Most importantly, the ICDS system has failed to reach the most vulnerable group of children, namely those under the age of two, despite the fact that malnutrition at this early stage of a child’s development will have a life-long impact on its health. In response to failing government programs, India’s civil society — led by the Right to Food movement — has taken a rights-based approach, underlining the fact that every child should have the right to good quality food, and holding the government accountable for its failure to deliver.

Right to Food movement activists, nutrition experts, and health workers in India believe that the solution lies in ensuring that the government exerts all efforts to seriously implement the ICDS, under which community-based kitchens are set up to prepare hot cooked meals rich in micronutrients and using a variety of local ingredients. The aims of these programs are to provide food to families in need, to improve the quality of food distributed, and provide employment at the same time. Few of the current solutions, however, provide short-term relief for those children who are severely malnourished and at risk of dying.

Heated debate on ready-to-use foods and the approach to treating severe malnutrition

A displaced child stands in her hut in Andrah Pradesh.

India 2006 © Catherine Vincent/MSF

Initiatives to distribute fortified foods and micronutrient supplements under the ICDS have been increasing in India. However, opinions are divided on ready-to-use food products as a means to address malnutrition, because the therapeutic effect and cost-effectiveness of such products have not been proven in India.

The opposition to ready-to-use food products by civil society organizations is also directly related to the fact that it may take employment away from rural communities, and from the over four million women involved in cooking hot meals for the ICDS.

Civil society is further concerned that the technology involved in producing ready-to-use food promotes centralized food procurement and allows for corporate domination of the food chain. This in turn affects the local economy and takes away from local autonomy over diets, which is a sensitive issue in India. Most importantly, representatives of the Right to Food movement point out that the discussion on supplementing local diets with ready-to-use food products to improve food quality is moot as long as the poorest children in India continue to have no access to food at all.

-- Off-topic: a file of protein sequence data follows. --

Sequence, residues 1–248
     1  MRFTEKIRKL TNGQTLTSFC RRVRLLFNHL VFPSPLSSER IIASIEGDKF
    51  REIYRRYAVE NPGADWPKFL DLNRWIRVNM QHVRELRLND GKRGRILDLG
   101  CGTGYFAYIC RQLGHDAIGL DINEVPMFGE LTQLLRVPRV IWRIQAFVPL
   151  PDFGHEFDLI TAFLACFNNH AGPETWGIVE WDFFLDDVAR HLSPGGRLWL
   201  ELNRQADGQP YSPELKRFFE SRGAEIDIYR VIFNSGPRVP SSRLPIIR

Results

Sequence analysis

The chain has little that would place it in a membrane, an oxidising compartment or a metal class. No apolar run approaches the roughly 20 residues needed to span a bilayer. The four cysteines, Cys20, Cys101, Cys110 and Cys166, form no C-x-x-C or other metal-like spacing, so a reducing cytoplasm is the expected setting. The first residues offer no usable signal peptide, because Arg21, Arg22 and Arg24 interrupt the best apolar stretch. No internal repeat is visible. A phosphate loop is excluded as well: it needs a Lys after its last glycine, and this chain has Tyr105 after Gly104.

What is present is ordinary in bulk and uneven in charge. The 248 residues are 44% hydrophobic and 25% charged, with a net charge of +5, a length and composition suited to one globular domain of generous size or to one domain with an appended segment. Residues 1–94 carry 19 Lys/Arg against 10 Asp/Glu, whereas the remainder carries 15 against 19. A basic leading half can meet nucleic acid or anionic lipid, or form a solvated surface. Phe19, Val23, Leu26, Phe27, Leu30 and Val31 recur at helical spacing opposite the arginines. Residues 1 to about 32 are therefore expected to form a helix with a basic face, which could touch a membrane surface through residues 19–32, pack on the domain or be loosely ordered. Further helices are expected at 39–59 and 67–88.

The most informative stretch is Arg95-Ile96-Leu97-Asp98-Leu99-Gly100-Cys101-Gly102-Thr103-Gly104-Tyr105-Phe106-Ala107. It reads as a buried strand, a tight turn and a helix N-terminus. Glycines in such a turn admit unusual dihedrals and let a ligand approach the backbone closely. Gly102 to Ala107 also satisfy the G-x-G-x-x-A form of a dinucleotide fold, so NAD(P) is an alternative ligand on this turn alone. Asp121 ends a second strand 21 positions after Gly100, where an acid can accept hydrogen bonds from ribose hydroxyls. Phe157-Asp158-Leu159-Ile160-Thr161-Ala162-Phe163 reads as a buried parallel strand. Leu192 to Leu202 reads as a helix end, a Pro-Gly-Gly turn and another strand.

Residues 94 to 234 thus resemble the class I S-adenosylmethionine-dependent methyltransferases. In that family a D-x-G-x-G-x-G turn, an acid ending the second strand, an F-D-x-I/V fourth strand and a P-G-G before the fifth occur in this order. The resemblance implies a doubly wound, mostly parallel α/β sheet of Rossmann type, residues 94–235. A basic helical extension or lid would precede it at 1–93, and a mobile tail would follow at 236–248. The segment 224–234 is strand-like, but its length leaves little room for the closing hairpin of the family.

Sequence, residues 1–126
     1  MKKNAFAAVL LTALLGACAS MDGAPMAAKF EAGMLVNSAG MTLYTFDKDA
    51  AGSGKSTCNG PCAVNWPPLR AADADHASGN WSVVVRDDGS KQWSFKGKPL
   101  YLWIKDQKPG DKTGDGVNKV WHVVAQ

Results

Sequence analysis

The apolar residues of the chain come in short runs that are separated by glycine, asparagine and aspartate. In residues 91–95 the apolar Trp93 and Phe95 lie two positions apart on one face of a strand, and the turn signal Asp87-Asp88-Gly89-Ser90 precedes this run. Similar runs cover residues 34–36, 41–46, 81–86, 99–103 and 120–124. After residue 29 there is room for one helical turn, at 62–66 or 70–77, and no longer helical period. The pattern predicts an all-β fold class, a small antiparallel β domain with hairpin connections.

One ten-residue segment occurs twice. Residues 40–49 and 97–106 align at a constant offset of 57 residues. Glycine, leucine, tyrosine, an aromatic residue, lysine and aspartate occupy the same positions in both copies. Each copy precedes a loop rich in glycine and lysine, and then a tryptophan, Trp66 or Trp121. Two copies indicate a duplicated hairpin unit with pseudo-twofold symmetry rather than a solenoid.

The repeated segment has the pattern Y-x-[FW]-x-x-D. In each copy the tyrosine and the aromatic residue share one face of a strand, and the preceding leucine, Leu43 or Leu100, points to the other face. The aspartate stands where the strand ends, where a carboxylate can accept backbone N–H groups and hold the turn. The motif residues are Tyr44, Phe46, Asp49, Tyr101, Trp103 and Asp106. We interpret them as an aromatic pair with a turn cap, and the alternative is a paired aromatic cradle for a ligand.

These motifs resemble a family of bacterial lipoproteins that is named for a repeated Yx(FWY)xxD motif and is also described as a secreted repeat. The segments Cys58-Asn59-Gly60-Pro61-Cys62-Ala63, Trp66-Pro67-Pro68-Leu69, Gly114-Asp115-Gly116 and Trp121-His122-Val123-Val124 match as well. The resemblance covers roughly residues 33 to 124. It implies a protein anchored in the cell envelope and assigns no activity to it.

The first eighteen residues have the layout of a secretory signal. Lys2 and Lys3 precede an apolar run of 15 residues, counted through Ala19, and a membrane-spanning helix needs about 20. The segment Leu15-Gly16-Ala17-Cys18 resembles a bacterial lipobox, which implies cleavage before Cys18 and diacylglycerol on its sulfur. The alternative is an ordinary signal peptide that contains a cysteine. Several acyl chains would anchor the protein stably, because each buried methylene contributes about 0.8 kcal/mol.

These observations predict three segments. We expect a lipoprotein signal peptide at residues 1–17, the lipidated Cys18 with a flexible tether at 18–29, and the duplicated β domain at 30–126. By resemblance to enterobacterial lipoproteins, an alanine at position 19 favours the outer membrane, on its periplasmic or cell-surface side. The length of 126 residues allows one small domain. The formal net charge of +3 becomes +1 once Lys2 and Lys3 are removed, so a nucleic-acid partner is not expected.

Despite diverse opinions, all parties in the nutrition debate in India certainly agree there is an urgent need to find solutions for children who are severely malnourished and at risk of dying.

India's ICDS scheme

The Integrated Child Development Scheme is perhaps the largest of all food and supplementation programs in the world and was set up as a governmental response to the problem of malnutrition in India.

Initiated in 1975, the ICDS was mandated with improving the health and nutrition status of children up to the age of six by providing supplementary food and by coordinating with state health departments to ensure delivery of required health inputs.

Under the ICDS, cooked food is provided to children through anganwadi (community) centers. One center is provided for a population of 1,000 (700 in the case of tribal areas). Fifty million children aged six and below are covered under this Rs.45 billion outreach program.

—From Access News, March 2008